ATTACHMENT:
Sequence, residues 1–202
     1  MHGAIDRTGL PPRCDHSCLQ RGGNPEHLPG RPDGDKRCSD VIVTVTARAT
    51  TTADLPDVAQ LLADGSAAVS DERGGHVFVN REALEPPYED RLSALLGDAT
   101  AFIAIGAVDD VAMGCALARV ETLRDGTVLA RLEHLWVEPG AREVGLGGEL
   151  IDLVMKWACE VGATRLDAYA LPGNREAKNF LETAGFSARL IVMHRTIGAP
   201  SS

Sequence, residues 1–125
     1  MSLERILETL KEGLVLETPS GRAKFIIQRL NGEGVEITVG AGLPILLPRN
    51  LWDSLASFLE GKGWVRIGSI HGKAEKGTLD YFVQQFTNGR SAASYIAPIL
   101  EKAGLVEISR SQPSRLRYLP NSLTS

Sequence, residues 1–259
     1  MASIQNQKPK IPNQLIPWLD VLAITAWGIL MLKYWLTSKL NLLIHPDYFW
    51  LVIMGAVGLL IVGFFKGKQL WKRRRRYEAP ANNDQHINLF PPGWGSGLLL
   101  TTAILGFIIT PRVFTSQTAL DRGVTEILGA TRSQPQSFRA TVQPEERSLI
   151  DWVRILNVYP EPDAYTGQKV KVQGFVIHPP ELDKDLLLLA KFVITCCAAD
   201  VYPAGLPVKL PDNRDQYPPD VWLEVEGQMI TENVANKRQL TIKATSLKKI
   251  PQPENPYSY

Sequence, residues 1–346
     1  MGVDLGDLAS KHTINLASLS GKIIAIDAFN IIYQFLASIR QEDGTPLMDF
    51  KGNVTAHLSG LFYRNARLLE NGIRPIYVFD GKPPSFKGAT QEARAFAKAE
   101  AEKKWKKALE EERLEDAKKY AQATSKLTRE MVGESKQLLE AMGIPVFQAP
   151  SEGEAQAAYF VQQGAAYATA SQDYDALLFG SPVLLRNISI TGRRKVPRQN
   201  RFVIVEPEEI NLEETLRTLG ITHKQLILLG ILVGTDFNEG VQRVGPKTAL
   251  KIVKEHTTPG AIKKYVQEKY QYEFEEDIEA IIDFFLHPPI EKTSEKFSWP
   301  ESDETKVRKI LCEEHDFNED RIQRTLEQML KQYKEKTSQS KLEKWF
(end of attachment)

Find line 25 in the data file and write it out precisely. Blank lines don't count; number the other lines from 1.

   301  ESDETKVRKI LCEEHDFNED RIQRTLEQML KQYKEKTSQS KLEKWF